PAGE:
Evaluating the effectiveness of freshwater fishes as bio-indicators for urban impacts in the Crocodile (West) catchment, South Africa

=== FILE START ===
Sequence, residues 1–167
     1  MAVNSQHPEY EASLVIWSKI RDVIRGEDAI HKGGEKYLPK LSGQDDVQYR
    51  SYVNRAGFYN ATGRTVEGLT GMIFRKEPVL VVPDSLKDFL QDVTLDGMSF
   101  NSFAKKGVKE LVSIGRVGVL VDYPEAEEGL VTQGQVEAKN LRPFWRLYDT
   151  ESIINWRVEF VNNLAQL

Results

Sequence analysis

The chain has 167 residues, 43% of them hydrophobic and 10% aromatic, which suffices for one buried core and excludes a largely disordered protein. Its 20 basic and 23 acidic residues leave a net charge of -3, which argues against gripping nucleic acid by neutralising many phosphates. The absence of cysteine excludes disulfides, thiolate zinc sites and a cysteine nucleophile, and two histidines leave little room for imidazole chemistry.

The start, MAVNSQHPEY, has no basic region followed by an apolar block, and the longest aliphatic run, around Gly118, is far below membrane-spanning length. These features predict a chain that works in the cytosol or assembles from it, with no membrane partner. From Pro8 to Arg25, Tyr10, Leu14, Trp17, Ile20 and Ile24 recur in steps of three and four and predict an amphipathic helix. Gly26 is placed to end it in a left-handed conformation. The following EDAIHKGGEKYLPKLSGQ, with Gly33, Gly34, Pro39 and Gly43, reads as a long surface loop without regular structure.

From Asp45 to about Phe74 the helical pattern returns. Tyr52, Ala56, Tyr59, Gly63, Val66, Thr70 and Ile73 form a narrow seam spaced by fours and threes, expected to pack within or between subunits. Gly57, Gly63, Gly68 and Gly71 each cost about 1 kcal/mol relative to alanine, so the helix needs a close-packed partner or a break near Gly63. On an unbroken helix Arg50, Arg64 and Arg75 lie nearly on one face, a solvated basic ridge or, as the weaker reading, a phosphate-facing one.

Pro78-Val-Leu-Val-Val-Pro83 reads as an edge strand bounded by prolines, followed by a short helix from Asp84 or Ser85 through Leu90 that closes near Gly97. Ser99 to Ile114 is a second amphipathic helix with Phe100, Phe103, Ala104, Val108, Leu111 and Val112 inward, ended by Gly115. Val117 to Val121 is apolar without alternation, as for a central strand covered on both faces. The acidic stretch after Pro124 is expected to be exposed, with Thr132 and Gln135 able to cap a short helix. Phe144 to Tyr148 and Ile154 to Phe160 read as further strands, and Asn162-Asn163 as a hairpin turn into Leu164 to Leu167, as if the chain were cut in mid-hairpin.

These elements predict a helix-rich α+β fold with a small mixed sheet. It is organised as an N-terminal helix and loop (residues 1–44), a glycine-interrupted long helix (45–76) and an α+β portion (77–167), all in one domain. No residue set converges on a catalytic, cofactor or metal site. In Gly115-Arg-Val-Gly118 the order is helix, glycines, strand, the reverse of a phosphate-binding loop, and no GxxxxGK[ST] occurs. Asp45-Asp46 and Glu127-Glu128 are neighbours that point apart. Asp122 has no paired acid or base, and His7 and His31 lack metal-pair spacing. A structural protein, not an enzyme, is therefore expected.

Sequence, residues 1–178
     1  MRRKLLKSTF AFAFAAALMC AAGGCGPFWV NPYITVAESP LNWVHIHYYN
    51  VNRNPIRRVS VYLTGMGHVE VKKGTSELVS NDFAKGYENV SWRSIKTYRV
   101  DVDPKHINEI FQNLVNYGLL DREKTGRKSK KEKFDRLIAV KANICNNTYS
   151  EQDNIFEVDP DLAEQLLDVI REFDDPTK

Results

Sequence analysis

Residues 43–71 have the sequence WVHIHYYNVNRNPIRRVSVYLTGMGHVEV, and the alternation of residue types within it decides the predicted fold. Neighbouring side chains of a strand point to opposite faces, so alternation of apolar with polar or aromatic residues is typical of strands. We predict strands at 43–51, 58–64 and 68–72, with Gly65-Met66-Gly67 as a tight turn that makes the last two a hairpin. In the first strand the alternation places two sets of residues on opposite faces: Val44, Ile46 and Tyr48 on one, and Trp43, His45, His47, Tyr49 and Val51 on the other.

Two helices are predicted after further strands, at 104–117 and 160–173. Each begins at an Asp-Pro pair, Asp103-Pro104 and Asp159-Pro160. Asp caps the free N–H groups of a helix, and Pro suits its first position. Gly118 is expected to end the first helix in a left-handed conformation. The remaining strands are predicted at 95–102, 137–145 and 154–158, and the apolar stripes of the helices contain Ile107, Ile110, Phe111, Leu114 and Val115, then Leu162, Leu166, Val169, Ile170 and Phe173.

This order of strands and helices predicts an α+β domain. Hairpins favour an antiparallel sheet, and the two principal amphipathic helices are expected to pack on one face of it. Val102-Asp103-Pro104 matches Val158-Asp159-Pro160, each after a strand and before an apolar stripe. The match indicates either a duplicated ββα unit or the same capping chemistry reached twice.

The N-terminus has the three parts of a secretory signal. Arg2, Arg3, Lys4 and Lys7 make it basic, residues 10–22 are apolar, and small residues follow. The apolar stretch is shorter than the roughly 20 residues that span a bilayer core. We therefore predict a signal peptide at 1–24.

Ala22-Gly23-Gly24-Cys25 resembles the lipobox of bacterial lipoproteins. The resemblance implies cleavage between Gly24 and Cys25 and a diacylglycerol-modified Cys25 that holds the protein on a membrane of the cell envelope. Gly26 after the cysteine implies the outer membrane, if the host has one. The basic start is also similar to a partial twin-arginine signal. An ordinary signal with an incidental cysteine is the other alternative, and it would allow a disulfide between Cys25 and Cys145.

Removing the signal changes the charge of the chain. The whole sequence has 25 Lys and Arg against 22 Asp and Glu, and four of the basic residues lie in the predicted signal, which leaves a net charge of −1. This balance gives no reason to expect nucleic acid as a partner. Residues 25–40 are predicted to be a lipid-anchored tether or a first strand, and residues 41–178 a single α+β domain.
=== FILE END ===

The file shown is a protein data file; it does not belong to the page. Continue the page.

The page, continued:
Urbanisation in South Africa has resulted in the degradation of aquatic ecosystems across a rural-to-urban gradient; impacting the availability of clean water. Biological organisms, including fish assemblages, have been used as indicators of environmental change, as part of monitoring programmes designed to protect and improve aquatic ecosystem conditions. However, the effectiveness of individual freshwater fish species as bio-indicators for urban impacts has not yet been evaluated. This study investigated the occurrence of freshwater fish species across three urban gradients within the upper Crocodile River sub-management area as potential bio-indicators. Having collected presence and absence data, five native fish species were determined to be widespread. Their effectiveness as bio-indicators for six environmental drivers, identified through principle component analysis, was assessed using species stressor-response curves derived from logistic regression analysis. Of the five species, the largescale yellowfish (Labeobarbus marequensis) and stargazer catfish (Amphilius uranoscopus) showed potential to be effective bio-indicators for urban impacts on aquatic water quality and instream habitat. These taxa, as effective urban bio-indicators, have the potential to improve the efficiency of urban river health assessments through reducing data gathering and staff training requirements.
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